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United States Department of Agriculture

Agricultural Research Service

Related Topics

Research Project: INVESTIGATION OF SEEDLING YELLOWS CROSS PROTECTION BY MILD COMPONENTS OF DEKOPON CITRUS TRISTEZA VIRUS STRAIN

Location: Crop Diseases, Pests and Genetics

2010 Annual Report


1a.Objectives (from AD-416)
1) Develop qPCR probes for the different Dekopon sub-isolates and quantify each in single and mixed infections to assess interference in accumulation/replication of each sub-isolate. 2) Examine P20, P23, and CP (suppressors of gene silencing) for each sub-isolate for genetic variation and associate with symptom expression. 3) Characterize siRNA profiles in mixed and single infected plants.


1b.Approach (from AD-416)
Aphid transmission, reverse transcription (RT) polymerase chain reaction (PCR), real time PCR (qPCR), cloning, sequencing, western blots, northern blots, hybridizations. Documents Reimbursable with Citrus Research Board. Log 37119.


3.Progress Report

This agreement was established in support of Objective 2 of the in-house project “Characterization and Epidemiology of Citrus Tristeza Virus and Other Invasive and Emerging Graft-Transmissible Diseases of Citrus in California”. Aphid transmission and strain differentiation of Citrus Tristeza Virus (CTV) by real-time polymerase chain reaction (PCR) assays were used to examine CTV symptom expression. This is the second year of a 3-year grant to investigate cross protection of CTV using a mild strain derived from aphid transmission to control CTV disease expression. A severe strain of CTV was characterized and found to contain a mixture of strains. Infection of test plants by a mixture of strains which included the aphid-transmitted mild strain, severity of seedling yellows (SY) symptoms was reduced or eliminated. A library of small RNAs from sour orange plants expressing SY vs. “protected” symptomless treatments were obtained and sequenced using the Illumina Genome Analyzer. Forty percent of the sequences were associated with the Poncirus trifoliata CTV resistance gene locus in both cases. The largest host-derived small RNA in this locus was from the Gypsy-like retrotransposon C. This retrotransposon is now being investigated to determine if it has a role in CTV resistance.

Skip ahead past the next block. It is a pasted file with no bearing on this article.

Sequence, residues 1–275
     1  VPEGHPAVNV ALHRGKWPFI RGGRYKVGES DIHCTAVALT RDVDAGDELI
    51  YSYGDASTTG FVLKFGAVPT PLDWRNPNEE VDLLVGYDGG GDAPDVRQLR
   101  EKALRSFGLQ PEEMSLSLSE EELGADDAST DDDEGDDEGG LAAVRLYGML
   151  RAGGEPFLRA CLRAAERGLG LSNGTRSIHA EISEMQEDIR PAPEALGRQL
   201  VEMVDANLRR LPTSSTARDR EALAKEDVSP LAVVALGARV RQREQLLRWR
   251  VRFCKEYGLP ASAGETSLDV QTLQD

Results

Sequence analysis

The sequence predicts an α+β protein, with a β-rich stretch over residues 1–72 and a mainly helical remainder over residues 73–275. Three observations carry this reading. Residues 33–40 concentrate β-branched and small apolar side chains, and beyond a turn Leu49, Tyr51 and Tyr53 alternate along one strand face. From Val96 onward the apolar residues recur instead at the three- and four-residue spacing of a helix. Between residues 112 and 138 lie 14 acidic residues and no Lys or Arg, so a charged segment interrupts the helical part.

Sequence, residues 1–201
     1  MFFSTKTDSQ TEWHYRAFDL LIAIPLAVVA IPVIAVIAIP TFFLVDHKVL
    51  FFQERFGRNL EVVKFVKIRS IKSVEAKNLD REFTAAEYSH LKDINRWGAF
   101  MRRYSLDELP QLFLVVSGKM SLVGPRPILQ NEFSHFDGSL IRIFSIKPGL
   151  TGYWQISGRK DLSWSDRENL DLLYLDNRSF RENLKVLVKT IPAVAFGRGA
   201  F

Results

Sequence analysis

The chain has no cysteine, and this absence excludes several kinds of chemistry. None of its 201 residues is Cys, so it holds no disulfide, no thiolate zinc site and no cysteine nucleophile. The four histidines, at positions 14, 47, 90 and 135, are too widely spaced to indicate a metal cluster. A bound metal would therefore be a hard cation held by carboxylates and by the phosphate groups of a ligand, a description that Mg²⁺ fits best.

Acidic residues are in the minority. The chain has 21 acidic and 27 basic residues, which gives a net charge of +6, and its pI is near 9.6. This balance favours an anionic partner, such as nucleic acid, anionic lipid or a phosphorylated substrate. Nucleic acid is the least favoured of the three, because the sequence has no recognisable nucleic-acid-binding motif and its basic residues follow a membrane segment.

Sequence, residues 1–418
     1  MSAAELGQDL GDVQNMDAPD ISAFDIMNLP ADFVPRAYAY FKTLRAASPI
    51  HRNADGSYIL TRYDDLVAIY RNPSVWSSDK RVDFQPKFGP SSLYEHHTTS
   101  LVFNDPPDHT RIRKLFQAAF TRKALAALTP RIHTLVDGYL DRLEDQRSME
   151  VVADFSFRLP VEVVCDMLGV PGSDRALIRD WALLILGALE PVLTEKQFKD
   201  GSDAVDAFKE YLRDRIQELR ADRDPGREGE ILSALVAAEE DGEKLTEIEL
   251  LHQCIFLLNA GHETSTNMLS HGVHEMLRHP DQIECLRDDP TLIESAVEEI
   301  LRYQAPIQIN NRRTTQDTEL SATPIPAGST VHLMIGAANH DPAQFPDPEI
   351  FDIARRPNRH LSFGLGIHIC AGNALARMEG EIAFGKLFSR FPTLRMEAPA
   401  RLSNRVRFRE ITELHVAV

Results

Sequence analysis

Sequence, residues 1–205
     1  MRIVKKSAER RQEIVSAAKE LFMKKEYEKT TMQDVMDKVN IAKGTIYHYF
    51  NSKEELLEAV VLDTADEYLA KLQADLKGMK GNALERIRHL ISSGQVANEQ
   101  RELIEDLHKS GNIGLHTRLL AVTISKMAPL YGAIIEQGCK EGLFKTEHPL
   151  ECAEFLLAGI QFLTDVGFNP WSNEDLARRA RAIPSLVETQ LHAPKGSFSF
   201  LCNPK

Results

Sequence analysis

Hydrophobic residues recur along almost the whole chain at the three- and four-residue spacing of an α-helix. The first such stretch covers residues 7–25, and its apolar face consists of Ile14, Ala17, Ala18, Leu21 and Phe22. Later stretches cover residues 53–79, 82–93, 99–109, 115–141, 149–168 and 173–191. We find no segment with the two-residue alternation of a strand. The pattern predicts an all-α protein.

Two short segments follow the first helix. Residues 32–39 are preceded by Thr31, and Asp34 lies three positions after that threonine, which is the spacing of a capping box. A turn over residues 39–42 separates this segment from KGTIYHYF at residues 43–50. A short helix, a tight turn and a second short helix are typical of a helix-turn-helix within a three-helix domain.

Last Modified: 4/20/2014
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